Mixtape preachers, Kemetic priests and a prostitutes

A reader submitted this New York Times profile of a street preacher named Leyland George. He has a boombox ministry. The profile is very brief and totally interesting, but it does raise some questions:

“I realized I could reach more people in the streets than any church, so I made the streets my church,” said Mr. George, 70, a Guyanese immigrant whose special brand of Christianity deplores the separation of people along racial lines.

Oh, that special unnamed brand of Christianity, one that deplores the separation of people along racial lines. Unlike all of those other unnamed brands of Christianity that do? What else do we know about the man's theology?

Mr. George’s theme song is Bob Marley’s “Rat Race,” which refers to race and urban problems. On Thursdays, Mr. George often delivers his special “rat race sermons” on the same themes.

“There is only the human race,” he said, “and when you divide it into groups, you get a rat race.”

Mr. George remains silent and solemn on his thrice-weekly sermon-walks through the neighborhood, preferring to let the mixtapes speak for him. The portable radio and tape player hangs around his neck and delivers the day’s sermon as he clasps his hands over it and walks in rhythm to the music, stopping at red lights and bobbing to the blaring beat of soca, calypso, ska or reggae — anything with a spiritual or positive social message and a West Indian feel.

Just some great color, eh? But the reader noted that the lack of details about this man's Christianity and wonders if the best way to describe George is "Christian":

The profile gives very little background about his beliefs (even leaving the key moment of his religious conversion - the death of his young daughter - to a sentence fragment in the sidebar). It does, however, say that his "theme song" is "Rat Race" by Bob Marley, perhaps the most famous practitioner of Rastafarianism who ever lived. It also mentions Mr. George's ballcap and handmade signs, which proclaim "Jah Love." Jah, of course, is the Rastafarian name for God.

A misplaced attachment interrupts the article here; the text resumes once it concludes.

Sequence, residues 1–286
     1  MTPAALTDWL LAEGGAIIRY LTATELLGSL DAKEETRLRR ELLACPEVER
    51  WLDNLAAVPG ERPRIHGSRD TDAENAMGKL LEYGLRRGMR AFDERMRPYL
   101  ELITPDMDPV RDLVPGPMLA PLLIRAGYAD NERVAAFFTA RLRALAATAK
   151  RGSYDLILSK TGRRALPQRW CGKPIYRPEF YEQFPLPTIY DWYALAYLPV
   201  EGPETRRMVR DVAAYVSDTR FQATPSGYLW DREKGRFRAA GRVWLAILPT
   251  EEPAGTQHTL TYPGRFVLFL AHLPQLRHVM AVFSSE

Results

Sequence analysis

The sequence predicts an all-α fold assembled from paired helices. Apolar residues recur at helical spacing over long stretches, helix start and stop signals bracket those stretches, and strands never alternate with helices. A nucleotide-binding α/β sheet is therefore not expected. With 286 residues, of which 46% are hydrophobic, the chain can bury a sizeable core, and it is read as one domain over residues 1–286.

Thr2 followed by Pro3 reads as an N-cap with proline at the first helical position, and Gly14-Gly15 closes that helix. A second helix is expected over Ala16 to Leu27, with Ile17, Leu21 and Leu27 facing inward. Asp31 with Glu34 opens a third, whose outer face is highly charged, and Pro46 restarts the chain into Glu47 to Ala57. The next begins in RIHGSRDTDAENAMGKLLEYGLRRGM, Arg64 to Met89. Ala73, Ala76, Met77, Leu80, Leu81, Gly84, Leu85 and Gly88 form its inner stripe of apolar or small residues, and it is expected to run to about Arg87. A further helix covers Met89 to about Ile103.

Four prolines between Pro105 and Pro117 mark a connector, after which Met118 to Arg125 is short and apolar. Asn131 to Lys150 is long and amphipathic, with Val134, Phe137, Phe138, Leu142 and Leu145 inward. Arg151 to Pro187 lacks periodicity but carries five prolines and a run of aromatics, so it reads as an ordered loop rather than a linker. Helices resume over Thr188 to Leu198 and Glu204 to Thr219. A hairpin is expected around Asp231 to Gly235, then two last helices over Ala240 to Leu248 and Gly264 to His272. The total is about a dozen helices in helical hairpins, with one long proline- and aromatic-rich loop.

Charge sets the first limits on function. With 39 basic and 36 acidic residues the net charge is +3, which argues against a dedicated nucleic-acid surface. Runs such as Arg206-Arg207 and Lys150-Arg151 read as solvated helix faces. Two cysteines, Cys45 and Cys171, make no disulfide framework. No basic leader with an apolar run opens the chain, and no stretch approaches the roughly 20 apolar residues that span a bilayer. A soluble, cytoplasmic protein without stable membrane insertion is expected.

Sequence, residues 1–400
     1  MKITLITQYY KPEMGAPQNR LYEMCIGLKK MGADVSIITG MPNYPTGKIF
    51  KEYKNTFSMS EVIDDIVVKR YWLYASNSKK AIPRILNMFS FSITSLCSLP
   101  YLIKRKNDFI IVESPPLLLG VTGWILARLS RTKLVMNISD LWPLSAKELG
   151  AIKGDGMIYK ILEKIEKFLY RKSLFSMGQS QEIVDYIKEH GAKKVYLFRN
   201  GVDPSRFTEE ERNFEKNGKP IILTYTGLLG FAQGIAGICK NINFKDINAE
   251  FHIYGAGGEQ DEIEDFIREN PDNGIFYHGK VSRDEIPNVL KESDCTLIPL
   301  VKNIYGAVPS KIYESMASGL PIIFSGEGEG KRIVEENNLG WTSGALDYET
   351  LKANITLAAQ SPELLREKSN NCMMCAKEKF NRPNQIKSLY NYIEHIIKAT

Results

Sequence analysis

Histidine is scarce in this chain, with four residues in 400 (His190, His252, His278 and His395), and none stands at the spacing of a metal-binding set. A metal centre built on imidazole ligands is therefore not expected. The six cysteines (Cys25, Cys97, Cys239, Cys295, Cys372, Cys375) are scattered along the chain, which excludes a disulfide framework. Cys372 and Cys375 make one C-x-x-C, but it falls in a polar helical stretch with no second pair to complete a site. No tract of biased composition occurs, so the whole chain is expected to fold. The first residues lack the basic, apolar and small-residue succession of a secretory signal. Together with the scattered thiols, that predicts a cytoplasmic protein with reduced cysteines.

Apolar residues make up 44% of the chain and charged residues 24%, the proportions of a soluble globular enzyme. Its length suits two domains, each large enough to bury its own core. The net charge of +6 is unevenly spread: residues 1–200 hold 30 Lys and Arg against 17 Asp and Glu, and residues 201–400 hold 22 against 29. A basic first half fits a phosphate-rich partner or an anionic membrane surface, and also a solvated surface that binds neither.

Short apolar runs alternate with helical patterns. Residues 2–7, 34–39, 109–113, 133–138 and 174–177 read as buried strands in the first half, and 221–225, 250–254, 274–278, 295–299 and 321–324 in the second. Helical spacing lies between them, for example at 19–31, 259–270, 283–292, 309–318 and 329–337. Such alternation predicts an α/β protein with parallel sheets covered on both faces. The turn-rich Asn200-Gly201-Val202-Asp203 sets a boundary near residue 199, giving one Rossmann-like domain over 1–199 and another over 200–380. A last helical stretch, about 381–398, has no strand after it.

There is a Rastafarian movement active in Guyana, and racial equality is a theme of Rastafari theology. Without more background, I have to wonder whether the NY Times has gotten this gentleman's religion completely wrong.

Without more details, it's impossible to know, isn't it! When the reporter wrote "Christian," did he mean that as something different than Rasta? Perhaps some more specific quotes or self-identification from the street preacher would have helped.

Since we're on the topic of the New York Times "Character Study" section, there was another piece by the same reporter a month or so ago that also led to questions. In this case it was about Baba Heru Semahj, formerly Officer James Georges of the New York Police Department. More:

Mr. Semahj has spent most of his life studying Kemetic culture and was ordained years ago as a Kemetic priest — the first in New York City, he says.

It does raise some issues of authority. When we discuss those stories about women being ordained as Catholic priests, we're frequently talking about authority. In this case, the reader wanted to know who ordained Mr. Semahj:

Was that person a priest of a particular Egyptian deity (that's how things went in the old days, but Mr. Semahj's deity-of-the-day system is understandable with Ptah's vocation's crisis). It's a loose end in the story, which is otherwise pretty complete with this fellow's journey.

These "Character Studies" are very brief, which doesn't give the reporter much room to substantiate the claims made by the always-colorful characters profiled therein. I rather liked the profile of Barbara Terry, for instance, a streetwalker who is still going at the age of 52. And Corey Kilgannon, the author of all these pieces, does a great job of incorporating religion into his stories. But the request for a few more specifics is sound.

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